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Crude oil has become the core resource, irreplaceable for many industries and areas of life. For the longest foreseeable future, most areas will not see a completely fulfilling sustainable replacement for this finite natural resource, particularly as a source of various precursor molecules for medicinal chemistry and advanced functional materials. In the events of raising climate concerns and ever increasing challenges associated with recovering oil from the subsurface, it is necessary to develop novel advanced methods to achieve the best possible oil recovery at minimal cost and environmental impact. Oil is deposited at elevated temperatures and pressures, often deep in geologically challenging conditions. Crude oil of the North Sea is located in tight chalk reservoirs, characterized by high porosity and low permeability and sweep efficiency associated with strong surface adhesion of the oil. Extraction of this organic material requires very accurate understanding and maintaining tight control of the complex phase behavior of the gas/oil mixture, as it passes through the porous material. Oil recovery and refining is a large and complex set of processes, where the most advanced knowledge from multiple fields of engineering and natural sciences has to be utilized. Challenges with recovery, reservoir souring, scale and corrosion, formation of clathrates etc., are all of critical importance due to sheer scale of production, making even minor effects clearly impactful. Crude oil found in different places around the world is not the same. It exhibits unique combinations of physical properties and complex chemical composition giving each crude oil a specific chemical fingerprint. These differences result in vastly different phase behavior in the subsurface, warranting case specific approaches to be designed for the extraction. The goal of this PhD dissertation is to investigate mechanisms governing phase behavior and surface interactions of crude oil in the tight chalk reservoir of the Danish North Sea from the perspective of intermolecular forces. Geographical variations of chemical composition of the crude oil in the North Sea are investigated, as this work is part of the effort to develop custom tailored solutions to be applied for the enhanced oil recovery in the North Sea. Infrared spectroscopy is a powerful method targeting functional groups of molecules, and is therefore used to study polar constituents of the oil. Polar chemical groups have an impact on the physical properties of the fluid. The chemical compositions of several crude oils from the North Sea have been studied alongside chalk samples containing reservoir oil, to compare composition of material at the surface against that in bulk fluids. Residue extracted from the chalk surface is much more rich in polar compounds than bulk oil and even it’s respective heavy fraction from vacuum distillation separations. A method was developed to analyze the crude oil contained in the original drill core samples, sourced in the various geographic locations across the oil fields in the North Sea. The solid phase extraction (SPE) procedure yields separation of a sample of the solvent-extracted crude oil from the core into four fraction, based on the presence of polar functional groups in the molecules. Infrared spectroscopy allows direct access to the characteristic vibrational features of these functional groups, and allows quantify their abundance. Statistical analysis was used to uncover the most important differences in chemistry and find correlations among samples from various geographical locations. The distributions revealed from the principal component analysis (PCA) plots demonstrate that there are distinctive variations in the composition of polar functional groups attributed to specific classes of chemical compounds and that wells can be grouped based on these chemical properties to optimize the conditions of oil production for the specific case. In order to aid the development of enhanced oil recovery processes, various models simulating fluid behavior in the reservoir are used. The most common approach is to use the pressure/ volume/temperature (PVT) phase diagrams obtained in a laboratory for a model fluid composition. The diversity of fluid chemistry in a real reservoir and the complex interaction with the surfaces shows how very limited this approach is in it’s applicability. Therefore one of the objectives of this thesis is to investigate the molecular association mechanisms of microsolvation relevant to molecules found in the oil and associated industrial processes. Again, as crude oil chemistry is infinitely diverse, instead of taking a case approach, it was decided to develop a broadly applicable model based that would take into account the immediate chemical surrounding of the functional groups to exactly describe their local effect on the molecular association in the condensed phase. Infrared (IR) and terahertz (THz) spectroscopy in cryogenic matrices allow access to largeamplitude intermolecular vibrations, that characterize well the non-covalent interactions that cause individual molecules to form clusters. This experimental approach was used to estimate the strengths of hydrogen bonds formed with water of a systematic set of compounds to establish a widely applicable model for the prediction of hydrogen bond acceptor properties of oxygen- and sulfur-based polar groups. We have determined the extent to which the inductive effect influences acceptor properties of oxygen and sulfur atoms, and used the local pair coupled cluster method to analyze the interaction energy of the non-covalent aggregates, providing deeper insight into the role of London dispersion forces on intermolecular interactions in liquid phase. The resulting data array provides a useful experimental reference for the development of advanced thermodynamic models for reservoir scale simulations of fluid-fluid behavior. The molecular associations of dimethyl ether with various classes of oxygen-containing polar compounds were investigated also. Dimethyl ether has received attention as a potentially feasible agent for solvent based enhanced oil recovery, that could be applied in the North Sea. It has the potential to efficiently elute heavier compounds, that tend to strongly adhere to surfaces, and affect physical properties of the flooding fluid. However, a successful application requires thermodynamic models to find the most economy-efficient use of the agent. The investigation also includes light non-polar compounds, such as CO2, OCS and CS2, that are of importance in gas injection production techniques and desulfurization processes. These systems exhibit very weak interactions where dispersion forces are very important. Such systems require particularly sensitive techniques with the spectral range extended into the THz region. We have used para-hydrogen as an alternative to noble gases for cryogenic matrix formation, as the former is transparent in the terahertz range. For this purpose, a cryogenic conversion setup was designed to produce para-hydrogen in a fully automatic way from normal hydrogen, without the need for valuable liquid helium.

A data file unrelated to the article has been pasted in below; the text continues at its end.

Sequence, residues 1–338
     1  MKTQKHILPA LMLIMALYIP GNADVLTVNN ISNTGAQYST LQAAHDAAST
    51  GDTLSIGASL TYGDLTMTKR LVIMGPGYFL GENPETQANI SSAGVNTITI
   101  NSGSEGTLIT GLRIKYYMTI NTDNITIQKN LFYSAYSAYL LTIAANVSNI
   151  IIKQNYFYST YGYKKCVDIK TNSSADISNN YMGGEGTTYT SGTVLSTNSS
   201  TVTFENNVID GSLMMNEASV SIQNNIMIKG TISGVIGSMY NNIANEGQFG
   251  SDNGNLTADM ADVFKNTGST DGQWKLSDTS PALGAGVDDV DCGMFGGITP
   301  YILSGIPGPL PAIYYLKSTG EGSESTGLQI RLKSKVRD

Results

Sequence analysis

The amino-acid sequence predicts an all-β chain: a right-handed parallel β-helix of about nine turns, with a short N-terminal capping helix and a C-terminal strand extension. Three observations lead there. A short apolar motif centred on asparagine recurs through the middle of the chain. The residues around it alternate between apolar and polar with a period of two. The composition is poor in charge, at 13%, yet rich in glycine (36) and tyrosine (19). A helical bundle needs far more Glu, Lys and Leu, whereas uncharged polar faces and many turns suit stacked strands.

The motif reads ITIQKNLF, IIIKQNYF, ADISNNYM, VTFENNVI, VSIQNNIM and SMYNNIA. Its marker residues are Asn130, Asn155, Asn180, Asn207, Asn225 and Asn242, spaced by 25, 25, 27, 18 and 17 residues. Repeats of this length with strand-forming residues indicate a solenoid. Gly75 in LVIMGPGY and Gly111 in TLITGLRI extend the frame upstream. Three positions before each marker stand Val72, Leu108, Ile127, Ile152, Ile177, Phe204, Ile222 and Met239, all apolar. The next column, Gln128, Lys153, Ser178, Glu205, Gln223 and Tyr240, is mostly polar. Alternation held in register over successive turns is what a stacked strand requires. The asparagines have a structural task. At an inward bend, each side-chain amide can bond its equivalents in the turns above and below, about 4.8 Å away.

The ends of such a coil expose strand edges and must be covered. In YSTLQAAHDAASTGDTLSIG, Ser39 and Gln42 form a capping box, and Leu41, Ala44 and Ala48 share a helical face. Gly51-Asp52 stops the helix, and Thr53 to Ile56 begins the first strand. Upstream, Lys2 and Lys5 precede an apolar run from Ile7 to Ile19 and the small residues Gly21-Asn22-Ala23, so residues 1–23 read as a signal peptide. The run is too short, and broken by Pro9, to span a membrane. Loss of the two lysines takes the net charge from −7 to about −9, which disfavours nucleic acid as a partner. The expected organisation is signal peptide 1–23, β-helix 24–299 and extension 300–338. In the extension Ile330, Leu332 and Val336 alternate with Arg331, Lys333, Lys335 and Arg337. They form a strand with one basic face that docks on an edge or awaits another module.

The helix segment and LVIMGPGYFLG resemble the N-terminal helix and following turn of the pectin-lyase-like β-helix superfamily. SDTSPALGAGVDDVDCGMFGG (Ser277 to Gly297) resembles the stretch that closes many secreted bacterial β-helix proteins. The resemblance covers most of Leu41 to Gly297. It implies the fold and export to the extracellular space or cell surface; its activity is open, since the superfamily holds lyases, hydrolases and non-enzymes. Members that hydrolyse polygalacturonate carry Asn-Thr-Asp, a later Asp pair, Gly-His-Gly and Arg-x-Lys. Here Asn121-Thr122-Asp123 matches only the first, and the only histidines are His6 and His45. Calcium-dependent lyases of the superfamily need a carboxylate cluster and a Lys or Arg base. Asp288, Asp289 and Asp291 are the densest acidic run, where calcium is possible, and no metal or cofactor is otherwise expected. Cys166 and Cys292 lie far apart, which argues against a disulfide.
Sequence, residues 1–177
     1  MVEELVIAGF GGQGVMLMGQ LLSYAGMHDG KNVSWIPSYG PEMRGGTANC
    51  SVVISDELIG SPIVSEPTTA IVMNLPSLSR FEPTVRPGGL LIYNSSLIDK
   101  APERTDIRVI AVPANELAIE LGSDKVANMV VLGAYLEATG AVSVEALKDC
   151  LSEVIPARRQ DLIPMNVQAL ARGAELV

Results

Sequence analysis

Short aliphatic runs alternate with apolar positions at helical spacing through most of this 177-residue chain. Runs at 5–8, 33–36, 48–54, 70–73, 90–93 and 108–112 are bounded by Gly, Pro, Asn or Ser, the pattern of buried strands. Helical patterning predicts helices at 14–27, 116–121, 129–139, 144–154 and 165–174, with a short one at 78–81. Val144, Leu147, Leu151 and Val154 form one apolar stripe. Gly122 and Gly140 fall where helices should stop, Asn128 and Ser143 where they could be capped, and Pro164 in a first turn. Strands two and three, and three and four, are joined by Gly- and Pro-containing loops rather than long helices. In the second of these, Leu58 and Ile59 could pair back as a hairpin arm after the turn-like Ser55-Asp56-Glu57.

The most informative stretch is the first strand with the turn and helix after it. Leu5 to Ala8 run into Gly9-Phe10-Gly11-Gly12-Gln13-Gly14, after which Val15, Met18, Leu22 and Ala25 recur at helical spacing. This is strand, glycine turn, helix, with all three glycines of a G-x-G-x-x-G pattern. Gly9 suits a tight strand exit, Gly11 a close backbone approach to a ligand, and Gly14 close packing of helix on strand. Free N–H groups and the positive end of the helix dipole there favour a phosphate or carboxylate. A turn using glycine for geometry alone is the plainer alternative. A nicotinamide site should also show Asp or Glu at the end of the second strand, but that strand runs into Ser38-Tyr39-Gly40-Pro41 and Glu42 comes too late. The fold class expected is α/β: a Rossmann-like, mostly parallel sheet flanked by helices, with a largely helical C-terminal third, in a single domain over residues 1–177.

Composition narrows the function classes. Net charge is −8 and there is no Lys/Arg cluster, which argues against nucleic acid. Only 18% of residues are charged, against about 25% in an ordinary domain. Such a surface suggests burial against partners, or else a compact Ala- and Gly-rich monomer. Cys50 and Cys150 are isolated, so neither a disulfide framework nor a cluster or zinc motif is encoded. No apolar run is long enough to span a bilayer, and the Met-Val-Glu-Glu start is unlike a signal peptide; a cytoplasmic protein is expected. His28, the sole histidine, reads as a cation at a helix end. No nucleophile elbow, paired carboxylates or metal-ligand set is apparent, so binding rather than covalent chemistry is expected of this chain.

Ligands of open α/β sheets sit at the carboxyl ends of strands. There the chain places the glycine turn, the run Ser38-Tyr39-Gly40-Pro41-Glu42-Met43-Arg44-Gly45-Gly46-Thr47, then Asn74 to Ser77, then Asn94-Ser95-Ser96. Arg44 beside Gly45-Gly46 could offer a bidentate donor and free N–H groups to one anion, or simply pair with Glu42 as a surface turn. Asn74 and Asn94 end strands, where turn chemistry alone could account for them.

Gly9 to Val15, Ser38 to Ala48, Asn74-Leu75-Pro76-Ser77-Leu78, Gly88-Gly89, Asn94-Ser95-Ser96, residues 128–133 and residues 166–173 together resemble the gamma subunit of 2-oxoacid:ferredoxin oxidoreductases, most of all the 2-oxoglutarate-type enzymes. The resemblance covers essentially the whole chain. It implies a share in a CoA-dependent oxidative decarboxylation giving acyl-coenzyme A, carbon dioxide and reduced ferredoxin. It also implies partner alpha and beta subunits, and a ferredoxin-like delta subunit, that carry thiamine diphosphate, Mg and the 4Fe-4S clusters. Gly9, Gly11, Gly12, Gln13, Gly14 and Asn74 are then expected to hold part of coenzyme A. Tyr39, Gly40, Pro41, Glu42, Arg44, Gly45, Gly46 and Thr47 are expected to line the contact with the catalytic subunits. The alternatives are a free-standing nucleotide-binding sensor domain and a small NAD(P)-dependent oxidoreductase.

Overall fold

Original languageEnglish
Place of PublicationKgs. Lyngby
PublisherTechnical University of Denmark
Number of pages232
Publication statusPublished - 2020